Muslim Civic Engagement Groups Collaborate to Promote Female Political Leaders

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Emgage Action has collaborated with Muslimahs In Policy (MIPs) to support Muslim women who want to run for public office and represent their local communities. 

Salima Suswell, Emgage’s Pennsylvania Executive Director and founder of Evolve Solutions, moderated a recent panel event that included conversations around racial equality, how to serve the youth and the campaign experience. 

Salima Suswell

 “They greatly impact our communities and we got to hear lessons learned,” said Suswell, who also serves as the Director for the Philadelphia Eid Coalition. “We spoke about multiracial solidarity, representation and the collaborative efforts with communities to have our voices heard as Muslims running for office and Muslims that are engaged in politics.”

Delaware State Representative Madinah Wilson-Anton joined the panel, a Democrat who is running for re-election in District 26. Also on the panel was Inas Younis who is running for City Council in Overland Park, Kansas. 

Left: Madinah Wilson-Anton; Right: Inas Younis

Wilson-Anton was elected in 2020, which was at the height of COVID-19 restrictions, and ended up having a virtual swearing-in ceremony. This did not abate her excitement at the time about her historic victory and she posted, “Yesterday was something else! As a legislative staffer for 3 years I attended lots of committee meetings. I’m excited for my first meeting tomorrow in my new role as a legislator!” 

Former political candidate, Fatima Iqbal-Zubair, who ran in 2022 against Dem. Mike Gipson for California Assembly, and Rana Abdelhamid who ran for New York’s 12th Congressional District were also in attendance. 

Left: Fatima Iqbal-Zubair; Right: Rana Abdelhamid

Iqbal-Zubair, who taught chemistry at Jordan High School and led the robotics team, advocated for a Green New Deal to help alleviate her city of pollution. During her campaign last year in August, she was fasting for Ramadan while also delivering food and supplies to her community.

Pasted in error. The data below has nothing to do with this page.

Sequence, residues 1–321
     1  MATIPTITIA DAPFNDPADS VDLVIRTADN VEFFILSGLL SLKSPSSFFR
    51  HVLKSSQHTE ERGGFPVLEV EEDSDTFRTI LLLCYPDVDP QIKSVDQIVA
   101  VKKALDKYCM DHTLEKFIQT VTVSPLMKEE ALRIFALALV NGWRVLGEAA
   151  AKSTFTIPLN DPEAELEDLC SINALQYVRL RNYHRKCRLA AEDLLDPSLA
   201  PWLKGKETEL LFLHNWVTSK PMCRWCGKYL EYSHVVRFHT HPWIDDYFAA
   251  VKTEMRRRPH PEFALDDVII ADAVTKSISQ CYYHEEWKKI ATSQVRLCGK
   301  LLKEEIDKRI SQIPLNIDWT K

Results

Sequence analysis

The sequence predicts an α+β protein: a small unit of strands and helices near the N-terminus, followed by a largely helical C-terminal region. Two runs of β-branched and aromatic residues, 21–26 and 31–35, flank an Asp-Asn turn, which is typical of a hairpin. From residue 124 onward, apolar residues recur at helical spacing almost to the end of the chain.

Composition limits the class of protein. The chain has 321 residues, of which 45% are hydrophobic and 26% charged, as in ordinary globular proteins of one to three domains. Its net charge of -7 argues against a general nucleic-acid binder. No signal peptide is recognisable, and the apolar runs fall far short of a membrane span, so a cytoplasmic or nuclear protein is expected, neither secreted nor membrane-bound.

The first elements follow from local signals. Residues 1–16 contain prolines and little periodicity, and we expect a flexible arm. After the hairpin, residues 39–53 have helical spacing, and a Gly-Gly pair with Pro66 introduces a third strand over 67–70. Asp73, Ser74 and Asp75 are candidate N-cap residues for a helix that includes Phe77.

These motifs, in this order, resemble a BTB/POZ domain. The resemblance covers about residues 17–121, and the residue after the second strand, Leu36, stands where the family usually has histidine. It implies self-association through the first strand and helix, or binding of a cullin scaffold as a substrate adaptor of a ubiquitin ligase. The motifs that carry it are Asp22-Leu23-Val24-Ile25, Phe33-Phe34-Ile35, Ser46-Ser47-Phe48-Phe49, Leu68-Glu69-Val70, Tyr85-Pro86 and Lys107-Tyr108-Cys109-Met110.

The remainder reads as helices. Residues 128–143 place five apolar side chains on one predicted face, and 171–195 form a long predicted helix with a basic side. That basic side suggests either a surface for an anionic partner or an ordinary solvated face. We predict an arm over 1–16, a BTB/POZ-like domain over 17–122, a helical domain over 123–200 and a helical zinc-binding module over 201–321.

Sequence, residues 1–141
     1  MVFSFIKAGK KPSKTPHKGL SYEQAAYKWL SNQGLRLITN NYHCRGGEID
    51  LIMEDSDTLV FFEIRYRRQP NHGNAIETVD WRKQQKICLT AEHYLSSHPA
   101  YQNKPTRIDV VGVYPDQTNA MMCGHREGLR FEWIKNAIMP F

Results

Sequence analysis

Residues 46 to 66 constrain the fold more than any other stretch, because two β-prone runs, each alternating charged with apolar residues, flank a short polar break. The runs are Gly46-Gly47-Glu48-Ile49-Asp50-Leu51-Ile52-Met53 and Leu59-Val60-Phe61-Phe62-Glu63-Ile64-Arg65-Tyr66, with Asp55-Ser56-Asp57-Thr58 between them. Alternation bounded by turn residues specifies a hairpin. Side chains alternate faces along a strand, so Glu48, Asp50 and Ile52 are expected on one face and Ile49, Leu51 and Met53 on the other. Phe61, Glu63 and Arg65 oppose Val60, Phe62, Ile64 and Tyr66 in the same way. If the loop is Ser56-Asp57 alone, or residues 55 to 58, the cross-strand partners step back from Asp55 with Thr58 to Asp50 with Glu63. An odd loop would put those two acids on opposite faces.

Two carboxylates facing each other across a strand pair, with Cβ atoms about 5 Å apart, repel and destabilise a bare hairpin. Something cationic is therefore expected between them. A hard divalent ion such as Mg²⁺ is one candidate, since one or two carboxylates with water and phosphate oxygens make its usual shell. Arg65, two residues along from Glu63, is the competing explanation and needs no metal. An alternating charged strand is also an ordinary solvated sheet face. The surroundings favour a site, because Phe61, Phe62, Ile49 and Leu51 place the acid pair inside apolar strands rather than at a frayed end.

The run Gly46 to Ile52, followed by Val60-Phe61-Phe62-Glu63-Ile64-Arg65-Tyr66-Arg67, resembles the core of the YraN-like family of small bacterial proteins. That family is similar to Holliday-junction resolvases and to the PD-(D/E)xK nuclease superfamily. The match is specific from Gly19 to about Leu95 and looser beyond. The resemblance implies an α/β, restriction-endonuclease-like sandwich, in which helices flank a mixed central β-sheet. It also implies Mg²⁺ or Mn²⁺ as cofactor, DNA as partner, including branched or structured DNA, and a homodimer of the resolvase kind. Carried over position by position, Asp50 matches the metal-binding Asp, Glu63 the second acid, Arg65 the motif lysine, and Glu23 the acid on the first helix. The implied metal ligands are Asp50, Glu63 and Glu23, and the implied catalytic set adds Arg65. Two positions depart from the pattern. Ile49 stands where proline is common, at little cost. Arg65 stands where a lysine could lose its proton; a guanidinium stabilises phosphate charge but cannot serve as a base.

Abdelhamid serves as the Founder and Executive Director of Malikah, a grassroots organization focused on empowering women through self-defense training, healing justice, financial literacy and community organizing. Due to redistricting her campaign for Congress was terminated, despite having raised almost $1 million. 

“Muslims have been here since the inception of this nation in America, and I think it's come a time that we take our seat at the table,” said Suswell. 

Rep. Wilson-Anton is advocating for better-funded public education, Medicare-for-all, an improved justice system, affordable housing and corporate accountability. Delaware will hold elections on November 8, 2023. 

City Council candidate, Younis, is standing on the issues of creating reliable infrastructure, economic development and public safety. Kansas’ elections will take place on November 7, 2023.

Left: Rashida Tlaib; Right: Ilhan Omar

 Of course, there are already some high-profile Muslim women who have paved the way for others to have a seat at the table. U.S. House Representative Ilhan Omar became the first African refugee to become a Member of Congress, the first woman of color to represent Minnesota and one of the first two Muslim-American women elected to Congress in 2018. 

The other first was attorney Rashida Tlaib, who was elected to Michigan’s State House in 2008. She continues to fight for racial equality, environmental justice and an end to poverty. 

Muslim women have also made history in local and statewide elections. Senator Ghazala Hashmi became the first Muslim and the first South Asian American to serve in Virginia’s Senate in 2019. 

Left: Ghazala Hashmi; Right: Farah Khan 

 California Mayor, Farah Khan was elected in 2020 as the first woman of color to hold the position, and the first Muslim woman to lead a large city in the United States. She was re-elected in 2022. 

Suswell helped organize Emgage’s Million Muslim Votes, a nonpartisan campaign to register eligible American Muslims to vote in the 2020 elections. 

Philadelphia is home to an estimated 300,000 Muslims, the majority of whom are African American. “We're also organizing in spaces that have large African American Muslim populations, such as Cleveland and Atlanta, Georgia,” said Suswell. 

“We want to make sure that we are engaging as many Muslims as possible so that we can establish the Muslim voting bloc and hopefully swing this election in the direction that best suits the Muslim American community.” 

In her role as founder of Evolve Solutions, a management consulting firm, Suswell assists campaigns, nonprofits and businesses in their political and public affairs. 

“We have been able to change policies, statewide rules, and laws that support not only people not only communities of color but the Muslim American community as a whole,” said Suswell. 

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